B. guttural group (“dull” sounds, characteristic of slow and heavy motion: roll, thud, thunder). Sometimes with elimination of the sound-element applied to swelling & fullness, as in “bulge” or Gr. sfaragέw (be full).
These three categories are not always kept clearly separate, so that often a palatal group shifts into the sphere of a guttural one & vice versa.—The formation of kḷ gḷ roots is by no means an extinct process, nor is it restricted to any special branch of a linguistic family, as examples show. The main roots of Idg. origin are the foll. which are all represented in Pāli ‹-› (the categories are marked Acc. to the foregoing scheme 1, 2A, 2B, 3): kal (2A): klάzw, clango, Goth. hlahjan laugh; kār (2 A): kh_ruc, Sk. kāru (cp. P. kitti), cārmen; kel (2 A): kέlados, calo (cp. P. kandati), Ohg. hellan; ker (2 Aa): karkaiρw, kόrkoros=querquedula=kakkara (partridge); kol (2 B): cuculus, kokila (a); kolāhala and halāhala (b); kor (2 Ba): cornix (cp. P. kāka), corvus=crow=raven; Sk. krośati; P. koñca.—gǔel (1) Lat. gula, glutio, dέlear; gǔer: (1) bόros, bibrwζkw, Lat. voro, Sk. girati, Ohg. querka; (3) baρaqron (whirlpool) Sk. gargara: gel (1) Sk. gilati, Ohg. kela — gal (2 A): gallus (a) gloria (b); gar (2 Ab): gh_rus, garrulus, Ohg. kara: gel (2 A): xelidw/n (a) hirrio (to whine), Ohg. gellan (b): ger: (1) gargari/zw (gargle) Sk. gharghara (gurgling). (2 Aa) gέranos = crane, Ger. krähen, Lat. gracillo (cackle); (2 Ba) Ohg. kerran (grunt), Sk. gṛṇāti (sing); (2 Ab) Sk. jarate (rustle); gur (2 Ba): gru/zw=grundio= grunt; Lat. gurgulio; Sk. ghurghura.
With special reference to Pāli formations the foll. list shows a few sound roots which are further discussed in the Dictionary s. v. Closely connected with Idg. k̊l gḷ is the Pāli cerebral ṭ, tḥ, ḷ, ṇ, so that roots with these sounds have to be classed in a mutual relation with the liquids. In most cases graphic representation varies between both (cp. gala & gaḷa) — kil (kiṇ) (2 Ab): kikī (cp. Sk. kṛka°), kilikilāyati & kiṅkiṇāyati (tinkle), kili (click), kiṅkaṇika (bell); kur (2 B): ākurati to hawk, to be hoarse; khaṭ (1) khaṭakhaṭa (hawking), kākacchati (snore); (2 Aa) kukkuṭa (cock); gal (1) gala (throat) uggilati (vomit); (2 Ab) galati (trickle): (2 Ba) Pk. galagajjiya (roar) & guluguliya (bellow); (2 Bb) gaḷagaḷāyati (roar); gar (2 A); gaggara (roar & cackle, cp. Sk. gargara to 3); (2 B); gaggarāyati (roar); (3) gaggaraka (whirlpool); ghar (1) Sk. gharghara (gurgling); (2 Ab) gharati (trickle), Sk. ghargharikā (bell); (2 Bb) ghurughurāyati (grunt).—See also kakaca, kaṅka, kaṅkaṇa, cakora (caṅkora), cakkavaka, jagghati, ciṭiciṭāyati, taṭataṭayati, timingala, papphāsa. (Page 246)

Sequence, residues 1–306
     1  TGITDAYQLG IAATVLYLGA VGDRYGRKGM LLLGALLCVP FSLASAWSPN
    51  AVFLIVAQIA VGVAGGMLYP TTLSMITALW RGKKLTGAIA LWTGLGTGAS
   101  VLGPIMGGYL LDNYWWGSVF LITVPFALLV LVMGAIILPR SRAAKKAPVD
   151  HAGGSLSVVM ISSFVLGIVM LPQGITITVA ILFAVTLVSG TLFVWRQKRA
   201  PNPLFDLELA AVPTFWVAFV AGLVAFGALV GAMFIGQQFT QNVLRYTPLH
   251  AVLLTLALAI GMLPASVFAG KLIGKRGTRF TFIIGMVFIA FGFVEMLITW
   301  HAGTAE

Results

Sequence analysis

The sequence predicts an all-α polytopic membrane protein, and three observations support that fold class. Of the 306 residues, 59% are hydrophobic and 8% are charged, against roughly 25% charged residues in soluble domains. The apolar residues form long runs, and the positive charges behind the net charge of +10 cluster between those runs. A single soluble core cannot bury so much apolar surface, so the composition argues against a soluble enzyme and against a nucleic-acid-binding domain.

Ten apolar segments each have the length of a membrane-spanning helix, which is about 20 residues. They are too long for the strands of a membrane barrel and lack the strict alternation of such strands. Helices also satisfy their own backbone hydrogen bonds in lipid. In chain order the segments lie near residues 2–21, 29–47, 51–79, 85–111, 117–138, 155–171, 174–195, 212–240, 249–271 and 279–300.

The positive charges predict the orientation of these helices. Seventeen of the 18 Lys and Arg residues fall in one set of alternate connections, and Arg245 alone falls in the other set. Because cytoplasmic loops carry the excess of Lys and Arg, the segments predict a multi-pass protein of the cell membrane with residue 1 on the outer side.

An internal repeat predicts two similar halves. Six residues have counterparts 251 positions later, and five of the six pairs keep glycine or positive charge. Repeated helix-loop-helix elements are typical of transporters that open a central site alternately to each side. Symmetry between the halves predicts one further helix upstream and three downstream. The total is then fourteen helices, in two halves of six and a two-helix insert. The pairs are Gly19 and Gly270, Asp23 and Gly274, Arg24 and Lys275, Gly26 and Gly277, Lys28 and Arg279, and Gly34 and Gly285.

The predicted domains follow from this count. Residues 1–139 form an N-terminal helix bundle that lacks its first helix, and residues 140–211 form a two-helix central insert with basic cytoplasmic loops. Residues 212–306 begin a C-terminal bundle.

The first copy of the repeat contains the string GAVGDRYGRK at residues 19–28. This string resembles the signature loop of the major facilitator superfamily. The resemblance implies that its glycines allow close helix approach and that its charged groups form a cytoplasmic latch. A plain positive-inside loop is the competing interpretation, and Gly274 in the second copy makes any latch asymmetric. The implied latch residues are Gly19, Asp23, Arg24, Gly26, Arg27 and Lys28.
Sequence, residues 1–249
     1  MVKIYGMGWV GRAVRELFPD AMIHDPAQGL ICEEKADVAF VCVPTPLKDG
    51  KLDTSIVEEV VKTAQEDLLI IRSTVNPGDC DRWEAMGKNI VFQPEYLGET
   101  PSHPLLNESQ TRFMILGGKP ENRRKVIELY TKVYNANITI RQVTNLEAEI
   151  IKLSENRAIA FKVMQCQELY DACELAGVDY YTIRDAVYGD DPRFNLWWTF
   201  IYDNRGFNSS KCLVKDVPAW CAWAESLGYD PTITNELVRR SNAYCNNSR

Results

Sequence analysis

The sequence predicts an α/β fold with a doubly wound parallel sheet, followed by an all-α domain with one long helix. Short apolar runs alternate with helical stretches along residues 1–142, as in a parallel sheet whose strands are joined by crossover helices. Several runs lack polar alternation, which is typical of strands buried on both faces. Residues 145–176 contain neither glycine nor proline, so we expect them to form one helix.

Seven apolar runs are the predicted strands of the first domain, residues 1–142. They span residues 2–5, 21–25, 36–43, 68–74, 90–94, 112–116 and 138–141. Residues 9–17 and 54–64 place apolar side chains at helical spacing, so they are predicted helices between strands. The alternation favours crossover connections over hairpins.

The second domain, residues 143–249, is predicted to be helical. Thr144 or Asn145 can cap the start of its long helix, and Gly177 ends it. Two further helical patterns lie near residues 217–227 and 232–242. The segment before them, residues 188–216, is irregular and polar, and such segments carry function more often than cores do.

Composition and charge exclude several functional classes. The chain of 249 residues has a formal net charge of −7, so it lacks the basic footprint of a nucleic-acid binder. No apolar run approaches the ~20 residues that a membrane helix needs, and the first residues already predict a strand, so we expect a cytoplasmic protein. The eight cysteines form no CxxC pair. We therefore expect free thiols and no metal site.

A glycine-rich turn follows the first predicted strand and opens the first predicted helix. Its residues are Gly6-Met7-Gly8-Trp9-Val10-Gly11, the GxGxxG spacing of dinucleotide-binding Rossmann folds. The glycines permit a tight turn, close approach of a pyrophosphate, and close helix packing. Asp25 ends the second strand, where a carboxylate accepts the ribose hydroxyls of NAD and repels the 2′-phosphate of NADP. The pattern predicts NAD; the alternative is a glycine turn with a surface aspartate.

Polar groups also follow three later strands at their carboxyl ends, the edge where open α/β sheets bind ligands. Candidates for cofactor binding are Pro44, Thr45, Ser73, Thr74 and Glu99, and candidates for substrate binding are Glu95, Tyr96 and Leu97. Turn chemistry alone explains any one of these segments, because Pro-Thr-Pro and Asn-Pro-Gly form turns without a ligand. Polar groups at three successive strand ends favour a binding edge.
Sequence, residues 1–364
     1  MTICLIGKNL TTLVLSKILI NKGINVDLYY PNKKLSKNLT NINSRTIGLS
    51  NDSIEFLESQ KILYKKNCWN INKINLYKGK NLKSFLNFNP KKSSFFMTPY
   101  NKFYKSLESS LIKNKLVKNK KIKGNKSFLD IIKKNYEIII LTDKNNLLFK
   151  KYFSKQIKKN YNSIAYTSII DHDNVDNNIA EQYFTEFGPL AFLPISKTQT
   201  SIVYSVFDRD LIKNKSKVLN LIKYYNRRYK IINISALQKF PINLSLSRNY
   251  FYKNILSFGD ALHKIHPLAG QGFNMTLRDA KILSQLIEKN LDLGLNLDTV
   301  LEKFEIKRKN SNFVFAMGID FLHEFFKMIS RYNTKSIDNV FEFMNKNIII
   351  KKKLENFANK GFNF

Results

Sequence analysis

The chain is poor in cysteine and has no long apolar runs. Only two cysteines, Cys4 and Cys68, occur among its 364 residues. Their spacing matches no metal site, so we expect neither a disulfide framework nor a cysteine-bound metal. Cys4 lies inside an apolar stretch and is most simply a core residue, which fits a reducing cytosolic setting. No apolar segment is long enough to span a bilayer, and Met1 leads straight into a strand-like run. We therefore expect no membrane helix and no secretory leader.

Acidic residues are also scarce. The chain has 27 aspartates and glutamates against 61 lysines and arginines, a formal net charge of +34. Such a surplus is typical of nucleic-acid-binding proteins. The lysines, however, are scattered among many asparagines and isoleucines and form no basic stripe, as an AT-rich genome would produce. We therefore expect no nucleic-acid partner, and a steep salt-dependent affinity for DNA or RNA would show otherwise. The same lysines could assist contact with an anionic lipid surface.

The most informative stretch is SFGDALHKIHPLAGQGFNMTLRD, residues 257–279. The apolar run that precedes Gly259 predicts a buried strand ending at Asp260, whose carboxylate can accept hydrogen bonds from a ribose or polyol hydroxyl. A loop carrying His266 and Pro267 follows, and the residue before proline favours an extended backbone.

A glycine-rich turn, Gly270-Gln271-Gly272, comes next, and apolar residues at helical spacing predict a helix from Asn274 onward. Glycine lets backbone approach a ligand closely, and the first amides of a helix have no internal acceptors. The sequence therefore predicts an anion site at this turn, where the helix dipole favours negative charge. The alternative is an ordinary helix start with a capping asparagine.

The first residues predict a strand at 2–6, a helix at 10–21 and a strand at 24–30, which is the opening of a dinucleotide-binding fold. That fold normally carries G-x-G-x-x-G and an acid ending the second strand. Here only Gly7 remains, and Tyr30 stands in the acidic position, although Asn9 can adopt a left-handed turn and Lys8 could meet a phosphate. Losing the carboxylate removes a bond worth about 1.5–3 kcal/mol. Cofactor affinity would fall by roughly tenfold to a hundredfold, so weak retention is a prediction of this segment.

— or —
Gaḷa, (same as gala, see note on prec.) 1. a drop, i.e. a fall: see gaḷāgala.-2. a swelling, a boil (=gaṇḍa) J.IV, 494 (mattā gajā bhinnagaḷā elephants in rut, with the temple-swellings broken; expl. p. 497 by madaṃ gaḷantā); Sn.61 (? v. l. gaṇḍa).—3. a hook, a fishhook Sn.61 (?), expl. at SnA 114 by ākaḍḍhanavasena baḷiso.
gaḷāgaḷaṃ gacchati to go from drop to drop, i.e. from fall to fall, w. ref. to the gatis J.V, 453 (expl. by apāyaṃ gacchati). (Page 247)
Pali is the language of the Tipiṭaka, which is the sacred canon of Theravāda Buddhism and contains much of the Buddha’s speech. Closeley related to Sanskrit, both languages are used interchangeably between religions.
Marathi-English dictionarySource: DDSA: The Molesworth Marathi and English Dictionary
gala (गल).—f The hole made at marbles, iṭīdāṇḍū &c.
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gaḷa (गळ).—m A fish-hook. 2 An iron ring connecting five or six hooks, and used to catch hold of things under water, a drag-hook. 3 The hook on which devotees suspend themselves by the back. 4 The hangman's hook. 5 n R The gasping or agonized breathing under asthma. 6 f An oozing or a trickling; a constant running or flow (as of rheum from the eyes, of pus from a sore): a regular and consecutive falling (as of fruits or blossoms in a high wind). 7 f The hole at games of marbles. gaḷa ghālaṇēṃ To force, constrain, coerce: also to importune or press earnestly. gaḷa ghēṇēṃ To swing. gaḷīṃ lāgaṇēṃ To be on the point of strangulation--a calf &c. from tightness of its tether: also fig. to be in torture; to hang upon the hooks (of expectation, hope &c.); to be on tenter-hooks. gaḷa ṭākūna pāhaṇēṃ (To cast the hook and try.) To make attempt or essay. gaḷīṃ dēṇēṃ (To put upon the hook.) To hang (a person). 2 fig. To cast into great danger or trouble.